“NN Journalist Mae Azango’s Interview with Radio France Internationale,” March 26, 2012, by New Narratives: “Liberian journalist urges women to speak out on excision … Liberian journalist Mae Azango has been forced into hiding after publishing an article in the Liberian daily Front Page Africa on the practice of female genital cutting or excision in the country”(by Laura Angela Bagnetto: Azango, a New Narratives fellow talks to RFI’s Laura-Angela Bagnetto about her experience), http://www.newnarratives.org/featured/nn-journalist-mae-azangos-intervie...

Wikipedia notes on FGM

Female genital mutilation … Partial or complete removal of the external female genitalia, or other injury to the female genital organs, for non-medical reasons Areas practiced Western, eastern, and north-eastern Africa, Middle East, Near East, Southeast Asia Number affected 135 million women and girls as of 1997 Age performed A few days after birth to age 15; occasionally in adulthood

Types I and II

Type I is the removal of the clitoral hood (Type Ia); or the partial or total removal of the clitoris, a clitoridectomy (Type Ib).

Type II, often called excision, is partial or total removal of the clitoris and the inner labia or outer labia. Type IIa is removal of the inner labia only; Type IIb, partial or total removal of the clitoris and the inner labia; and Type IIc, partial or total removal of the clitoris, and the inner and outer labia.

Type III Type III, commonly called infibulation or pharaonic circumcision, is the removal of all external genitalia.

Type IV A variety of other procedures are collectively known as Type IV, which the WHO defines as ‘all other harmful procedures to the female genitalia for non-medical purposes, for example, pricking, piercing, incising, scraping and cauterization.’

This ranges from ritual nicking of the clitoris—the main practice in Indonesia—to stretching the clitoris or labia, burning or scarring the genitals, or introducing harmful substances into the vagina to tighten it.[2] It also includes hymenotomy, the removal of a hymen regarded as too thick, and gishiri cutting, a practice in which the vagina's anterior wall is cut with a knife to enlarge it http://en.wikipedia.org/wiki/Female_genital_mutilation

World Health Organization (WHO) notes on FGM

WHO estimates that between 100 and 140 million girls and women worldwide have been subjected to one of the first three types of female genital mutilation. Estimates based on the most recent prevalence data indicate that 91,5 million girls and women above 9 years old in Africa are currently living with the consequences of female genital mutilation. There are an estimated 3 million girls in Africa at risk of undergoing female genital mutilation every year. http://www.who.int/reproductivehealth/topics/fgm/fgm_trends/en/index.html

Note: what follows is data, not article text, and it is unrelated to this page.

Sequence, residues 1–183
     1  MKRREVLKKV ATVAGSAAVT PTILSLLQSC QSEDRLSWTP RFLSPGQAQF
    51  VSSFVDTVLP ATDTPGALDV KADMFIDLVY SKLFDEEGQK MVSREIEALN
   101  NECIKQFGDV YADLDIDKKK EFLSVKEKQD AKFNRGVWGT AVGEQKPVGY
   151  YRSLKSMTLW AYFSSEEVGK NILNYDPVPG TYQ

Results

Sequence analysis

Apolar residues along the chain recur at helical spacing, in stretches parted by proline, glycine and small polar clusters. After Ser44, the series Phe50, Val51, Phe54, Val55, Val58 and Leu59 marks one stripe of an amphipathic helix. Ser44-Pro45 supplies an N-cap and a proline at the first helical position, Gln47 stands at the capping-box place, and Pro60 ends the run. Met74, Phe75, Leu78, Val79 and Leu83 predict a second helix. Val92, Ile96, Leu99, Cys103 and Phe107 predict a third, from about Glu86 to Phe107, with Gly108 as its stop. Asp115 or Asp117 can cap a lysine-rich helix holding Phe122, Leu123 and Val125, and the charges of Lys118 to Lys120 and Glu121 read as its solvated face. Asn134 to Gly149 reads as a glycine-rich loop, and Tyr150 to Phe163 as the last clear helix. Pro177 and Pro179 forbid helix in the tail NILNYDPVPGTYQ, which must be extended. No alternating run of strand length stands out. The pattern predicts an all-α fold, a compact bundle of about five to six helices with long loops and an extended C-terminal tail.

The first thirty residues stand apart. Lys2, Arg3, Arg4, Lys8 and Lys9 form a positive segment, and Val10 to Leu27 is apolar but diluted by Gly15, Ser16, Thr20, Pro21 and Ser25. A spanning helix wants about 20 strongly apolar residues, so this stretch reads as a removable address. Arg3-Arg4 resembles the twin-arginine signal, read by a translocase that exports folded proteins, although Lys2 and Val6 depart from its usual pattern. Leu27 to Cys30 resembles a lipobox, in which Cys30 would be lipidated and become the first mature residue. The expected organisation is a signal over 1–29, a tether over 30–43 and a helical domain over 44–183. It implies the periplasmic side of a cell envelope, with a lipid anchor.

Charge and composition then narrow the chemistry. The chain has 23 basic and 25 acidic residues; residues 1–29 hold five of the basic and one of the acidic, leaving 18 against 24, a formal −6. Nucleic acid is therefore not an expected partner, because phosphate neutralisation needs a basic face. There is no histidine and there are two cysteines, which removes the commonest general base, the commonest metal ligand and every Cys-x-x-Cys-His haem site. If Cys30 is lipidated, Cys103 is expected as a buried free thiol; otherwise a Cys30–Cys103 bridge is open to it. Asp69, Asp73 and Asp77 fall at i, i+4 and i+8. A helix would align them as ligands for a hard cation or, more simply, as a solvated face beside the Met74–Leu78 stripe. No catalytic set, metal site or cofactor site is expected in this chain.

Female genital mutilation comprises all procedures involving partial or total removal of the external female genitalia or other injury to the female genital organs for non-medical reasons. It has no health benefits and harms girls and women in many ways.

It involves removing and damaging healthy and normal female genital tissue, and hence interferes with the natural function of girls’ bodies and women’s bodies. The practice causes severe pain and has several immediate and long-term health consequences, including difficulties in childbirth also causing dangers to the child. http://www.who.int/topics/female_genital_mutilation/en/index.html

Countries where female genital mutilation has been documented

Listed below are countries in which female genital mutilation of Types I, II, III and ‘nicking’ Type IV has been documented as a traditional practice.

Prevalence is derived from national survey data (the Demographic and Health Surveys (DHS) published by Macro, or the Multiple Cluster Indicator Surveys (MICS), published by UNICEF).

Country Year Estimated prevalence of female genital mutilation in girls and women 15 – 49 years (%) Benin 2006 12.9 Burkina Faso 2006 72.5 Cameroon 2004 1.4 Central African Republic 2008 25.7 Chad 2004 44.9 Côte d’Ivoire 2006 36.4 Djibouti 2006 93.1 Egypt 2008 91.1 Eritrea 2002 88.7 Ethiopia 2005 74.3 Gambia 2005/6 78.3 Ghana 2006 3.8 Guinea 2005 95.6 Guinea-Bissau 2006 44.5 Kenya 2008/9 27.1 Liberia 2007 58.2 Mali 2006 85.2 Mauritania 2007 72.2 Niger 2006 2.2 Nigeria 2008 29.6 Senegal 2005 28.2 Sierra Leone 2006 94 Somalia 2006 97.9 Sudan, northern (approximately 80% of total population in survey) 2000 90 Togo 2006 5.8 Uganda 2006 0.8 United Republic of Tanzania 2004 14.6 Yemen 2003 38.2http://www.who.int/reproductivehealth/topics/fgm/prevalence/en/index.html